The majestic bald eagle can be spotted throughout most of North America at various points during the year. Here in Western Washington, we’re lucky to spot them all year-round — no doubt thanks to an abundance of tall trees for nesting and open bodies of water that provide a source of food. They are revered birds, sacred within Indigenous traditions, and associated with wisdom, bravery, and protection.
Only a few decades ago, the future of bald eagles was tenuous. In the late 19th and early 20th centuries, bald eagles were considered menaces by settler farmers, even falsely labeled as vicious, baby-snatching predators that might swoop away with an unsuspecting infant. In some areas, bounties were placed on the birds (folks could earn 50 cents to a dollar per bird killed), and their numbers declined by tens of thousands. The following years brought habitat destruction and deadly contamination of food sources by pesticides like DDT; by the 1960s, the population of nesting pairs dipped into the hundreds. After decades of concerted efforts, the bald eagle population recovered; today, it has soared to well over 300,000. What can we glean from the path of the bald eagle and the varying ways that different groups of humans have interacted with it?
In The Bald Eagle: The Improbable Journey of America’s Bird, Pulitzer Prize-winning author Jack E. Davis traces the cultural and natural history of the bald eagle from before the nation’s founding through resurgences of the enduring species. Contrasting the age when indigenous peoples lived beside it peacefully with eras when others pushed Haliaeetus leucocephalus to the brink of extinction, Davis considers how the historical journey of the bald eagle might offer inspiration as we grapple with large-scale environmental peril today.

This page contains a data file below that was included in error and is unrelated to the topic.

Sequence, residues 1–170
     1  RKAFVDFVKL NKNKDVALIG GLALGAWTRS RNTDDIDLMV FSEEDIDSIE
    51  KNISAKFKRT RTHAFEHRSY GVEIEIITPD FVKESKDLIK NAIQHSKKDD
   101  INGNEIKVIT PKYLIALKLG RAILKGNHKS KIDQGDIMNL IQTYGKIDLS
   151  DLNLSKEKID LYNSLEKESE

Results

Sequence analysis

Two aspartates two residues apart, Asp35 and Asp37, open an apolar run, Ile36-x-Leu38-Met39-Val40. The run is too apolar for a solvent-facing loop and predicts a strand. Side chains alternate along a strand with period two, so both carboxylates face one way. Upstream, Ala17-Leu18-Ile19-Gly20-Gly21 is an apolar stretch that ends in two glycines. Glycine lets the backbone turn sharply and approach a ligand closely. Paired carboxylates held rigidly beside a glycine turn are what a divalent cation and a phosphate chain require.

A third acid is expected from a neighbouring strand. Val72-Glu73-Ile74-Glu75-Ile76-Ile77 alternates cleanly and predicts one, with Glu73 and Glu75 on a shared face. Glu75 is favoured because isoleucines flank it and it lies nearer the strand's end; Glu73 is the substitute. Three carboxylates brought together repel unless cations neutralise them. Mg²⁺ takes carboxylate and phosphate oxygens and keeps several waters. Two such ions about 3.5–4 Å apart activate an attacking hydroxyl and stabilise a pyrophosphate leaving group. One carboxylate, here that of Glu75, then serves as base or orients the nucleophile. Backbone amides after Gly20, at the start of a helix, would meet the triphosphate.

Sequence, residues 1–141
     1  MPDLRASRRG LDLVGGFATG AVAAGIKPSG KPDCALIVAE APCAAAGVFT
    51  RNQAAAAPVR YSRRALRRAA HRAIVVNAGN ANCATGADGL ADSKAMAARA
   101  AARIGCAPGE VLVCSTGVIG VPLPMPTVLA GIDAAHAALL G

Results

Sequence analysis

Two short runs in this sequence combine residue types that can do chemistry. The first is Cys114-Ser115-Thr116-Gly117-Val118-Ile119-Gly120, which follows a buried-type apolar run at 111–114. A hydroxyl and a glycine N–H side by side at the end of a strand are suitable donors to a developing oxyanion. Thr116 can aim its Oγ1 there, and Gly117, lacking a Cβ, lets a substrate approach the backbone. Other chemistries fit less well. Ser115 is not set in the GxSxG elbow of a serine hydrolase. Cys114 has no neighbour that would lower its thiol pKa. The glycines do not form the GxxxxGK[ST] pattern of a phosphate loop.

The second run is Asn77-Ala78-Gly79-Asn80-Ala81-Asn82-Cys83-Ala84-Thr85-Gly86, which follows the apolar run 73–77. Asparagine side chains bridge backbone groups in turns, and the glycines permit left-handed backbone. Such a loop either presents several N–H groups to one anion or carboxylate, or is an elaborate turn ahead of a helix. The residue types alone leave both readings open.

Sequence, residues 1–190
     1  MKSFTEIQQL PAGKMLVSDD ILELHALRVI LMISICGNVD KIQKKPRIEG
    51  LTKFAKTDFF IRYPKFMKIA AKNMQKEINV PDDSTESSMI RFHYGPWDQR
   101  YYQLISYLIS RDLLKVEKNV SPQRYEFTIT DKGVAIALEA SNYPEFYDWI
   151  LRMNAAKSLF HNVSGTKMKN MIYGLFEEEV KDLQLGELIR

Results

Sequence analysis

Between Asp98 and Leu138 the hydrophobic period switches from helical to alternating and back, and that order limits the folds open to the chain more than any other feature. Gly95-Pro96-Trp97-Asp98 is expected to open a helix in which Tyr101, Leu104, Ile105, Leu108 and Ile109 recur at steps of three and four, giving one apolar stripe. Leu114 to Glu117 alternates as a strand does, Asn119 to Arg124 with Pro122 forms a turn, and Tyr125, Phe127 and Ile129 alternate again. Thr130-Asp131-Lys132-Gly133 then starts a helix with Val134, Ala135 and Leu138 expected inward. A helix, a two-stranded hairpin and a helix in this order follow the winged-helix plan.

Jack E. Davis is the author of the award-winning book, The Gulf: The Making of an American Sea and An Everglades Providence: Marjory Stoneman Douglas and the American Environmental Century. A professor of environmental history at the University of Florida, he lives in Florida and New Hampshire.
Deborah Jensen is the Vice-President and Executive Director for Audubon Washington working to protect birds and the places they need now and in the future. Her career is dedicated to conservation, with decades of executive experience leading conservation, education, and scientific organizations. Deborah currently serves on the Puget Sound Leadership Council and the Board of Climate Solutions and is a past-chair of the Washington Wildlife and Recreation Coalition.
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